Activists start crowdfunding campaign to purchase a vehicle that would serve as a mobile blood transfusion station in the combat zone. Further plans include setup of the blood bank and expanding the project to nationwide scales as part of emergency medicine.
Volunteers of “Krovomobil” (blood transfusion vehicle – eng.) project – activists of the Charity Fund “Club Dyvosvit” and of the “Association of young donors of Ukraine” announce the start of crowdfunding to continue their work and expand the project. Crowdfunding starts today on the online platform “People’s Project”, explained project organizers at a press-briefing at Ukraine Crisis Media Center. “Our aim is to try and raise over UAH 450 thousand (approx. USD 17 thousand) over December-February to purchase a new Volkswagen transporter T5 with equipment that will serve as a mobile blood transfusion unit. […] We will be very grateful to everyone who will join our project,” noted Maksym Ryabokon, coordinator of All-Ukrainian volunteer center People’s Project.
The vehicle is a mobile blood transfusion station that transports blood from deep rear to the frontline preserving the special temperature regime. The principle of the vehicle’s operation is to deliver blood to the casualty within the so-called “golden hour”. “Casualties in the combat zone are always related to blood loss, deaths of warfighters often result exactly from blood loss. There are blood banks in hospitals and in mobile operating rooms, however closer to the frontline where there are casualties there are no such reserves. We are practicing the concept that medics would be able to use to bring blood to the casualty. The quicker they will start compensating the blood loss, the bigger the chances are that the patient is going to survive,” explained Dr. Rostyslav Zauralsky, project author and advisor to the Healthcare Minister of Ukraine.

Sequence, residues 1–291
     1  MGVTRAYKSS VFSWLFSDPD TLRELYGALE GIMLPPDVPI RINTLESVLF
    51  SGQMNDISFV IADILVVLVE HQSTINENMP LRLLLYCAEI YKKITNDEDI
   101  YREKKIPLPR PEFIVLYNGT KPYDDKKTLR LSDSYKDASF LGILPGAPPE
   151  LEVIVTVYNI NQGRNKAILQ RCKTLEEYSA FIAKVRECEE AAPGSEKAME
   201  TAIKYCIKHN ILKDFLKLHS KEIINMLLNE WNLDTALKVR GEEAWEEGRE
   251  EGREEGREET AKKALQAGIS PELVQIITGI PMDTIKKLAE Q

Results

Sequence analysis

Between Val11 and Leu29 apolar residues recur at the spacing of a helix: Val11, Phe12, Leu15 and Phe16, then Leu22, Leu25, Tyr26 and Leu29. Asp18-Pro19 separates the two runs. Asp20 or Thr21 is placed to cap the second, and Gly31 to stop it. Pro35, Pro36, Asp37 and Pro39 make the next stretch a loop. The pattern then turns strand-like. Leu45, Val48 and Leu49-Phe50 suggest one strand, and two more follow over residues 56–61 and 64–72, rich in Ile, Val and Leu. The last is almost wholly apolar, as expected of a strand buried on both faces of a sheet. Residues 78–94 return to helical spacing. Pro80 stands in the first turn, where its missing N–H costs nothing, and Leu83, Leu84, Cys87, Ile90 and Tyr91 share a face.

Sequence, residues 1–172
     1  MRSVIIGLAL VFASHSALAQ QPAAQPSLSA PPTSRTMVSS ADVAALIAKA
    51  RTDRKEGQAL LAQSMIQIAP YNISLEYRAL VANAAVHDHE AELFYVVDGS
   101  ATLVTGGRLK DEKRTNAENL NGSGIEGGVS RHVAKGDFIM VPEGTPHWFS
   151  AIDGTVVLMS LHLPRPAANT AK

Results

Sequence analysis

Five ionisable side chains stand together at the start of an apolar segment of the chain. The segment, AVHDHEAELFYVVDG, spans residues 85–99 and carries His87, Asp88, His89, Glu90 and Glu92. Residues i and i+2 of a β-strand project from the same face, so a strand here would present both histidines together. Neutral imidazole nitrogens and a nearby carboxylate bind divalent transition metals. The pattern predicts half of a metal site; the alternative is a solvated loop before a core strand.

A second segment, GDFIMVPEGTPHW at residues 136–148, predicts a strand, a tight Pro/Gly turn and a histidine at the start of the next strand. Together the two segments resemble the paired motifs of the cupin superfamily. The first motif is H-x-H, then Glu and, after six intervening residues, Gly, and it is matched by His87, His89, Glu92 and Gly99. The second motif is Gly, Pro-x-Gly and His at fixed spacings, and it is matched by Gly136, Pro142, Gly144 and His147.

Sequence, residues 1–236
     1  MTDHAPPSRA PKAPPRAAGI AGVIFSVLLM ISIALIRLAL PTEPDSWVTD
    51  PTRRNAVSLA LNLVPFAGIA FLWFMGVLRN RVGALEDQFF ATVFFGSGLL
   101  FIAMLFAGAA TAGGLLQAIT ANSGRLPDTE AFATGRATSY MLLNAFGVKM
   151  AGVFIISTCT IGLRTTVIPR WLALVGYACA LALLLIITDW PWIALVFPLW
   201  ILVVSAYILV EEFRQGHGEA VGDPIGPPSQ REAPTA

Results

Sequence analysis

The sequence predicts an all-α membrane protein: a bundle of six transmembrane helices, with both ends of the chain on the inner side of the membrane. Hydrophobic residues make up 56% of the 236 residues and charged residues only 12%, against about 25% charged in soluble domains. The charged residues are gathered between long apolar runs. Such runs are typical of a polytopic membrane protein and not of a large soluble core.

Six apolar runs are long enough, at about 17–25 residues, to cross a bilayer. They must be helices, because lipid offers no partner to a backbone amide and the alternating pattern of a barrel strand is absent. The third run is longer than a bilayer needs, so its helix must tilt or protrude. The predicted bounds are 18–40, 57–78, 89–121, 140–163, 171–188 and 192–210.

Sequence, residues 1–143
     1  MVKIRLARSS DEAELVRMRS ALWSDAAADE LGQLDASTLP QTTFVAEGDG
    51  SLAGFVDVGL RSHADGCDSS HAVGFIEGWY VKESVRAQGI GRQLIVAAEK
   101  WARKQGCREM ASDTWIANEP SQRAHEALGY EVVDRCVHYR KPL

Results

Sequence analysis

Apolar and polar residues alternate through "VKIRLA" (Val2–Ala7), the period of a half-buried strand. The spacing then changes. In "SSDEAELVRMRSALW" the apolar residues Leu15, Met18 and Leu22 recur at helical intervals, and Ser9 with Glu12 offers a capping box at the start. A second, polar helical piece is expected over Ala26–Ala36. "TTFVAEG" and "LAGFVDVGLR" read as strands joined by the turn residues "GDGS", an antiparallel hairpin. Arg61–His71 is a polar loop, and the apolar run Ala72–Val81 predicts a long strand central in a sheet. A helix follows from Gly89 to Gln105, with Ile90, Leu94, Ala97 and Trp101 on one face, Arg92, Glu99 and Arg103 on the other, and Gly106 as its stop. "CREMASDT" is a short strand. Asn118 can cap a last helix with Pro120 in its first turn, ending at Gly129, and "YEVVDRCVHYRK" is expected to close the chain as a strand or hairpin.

The first blood transfusion vehicle has been in operation for about two years now and has driven for over 40 thousand kilometers both in the rear and on the frontline. Over this time it has transported more than 100 liters of blood and its components from Kremenchuk, Poltava and Kharkiv that could save lives of 200 people.
However the vehicle itself as well as its refrigeration units have been heavily used and now require repair almost after each trip. Moreover one vehicle is not enough to arrive in time on the spot along the entire contact line.
Raising the abovementioned half a million hryvnia is the project’s first stage. At its second stage volunteers will be raising money to renovate the equipment inside the vehicle that is currently working in the combat zone, explained Oksana Tyupa, head of board at the charity fund “Club Dyvosvit”. Third stage will include the purchase of four mobile stations that would store and transfuse blood and will work in the rear storing blood and plasma both for the needs in combat zone and for civilians in case of emergency. “We are presenting it as a nationwide project, because we want to test it as a pilot one and then implement it as a permanent project to develop emergency medicine,” Tyupa noted.
Maksym Ryabokon noted that volunteers would much appreciate donations by representatives of business community. “I would like to see machinery companies like Volkswagen and Mercedes among our partners, sponsors and co-organizers that could also help us implement all the three stages of the project,” he said.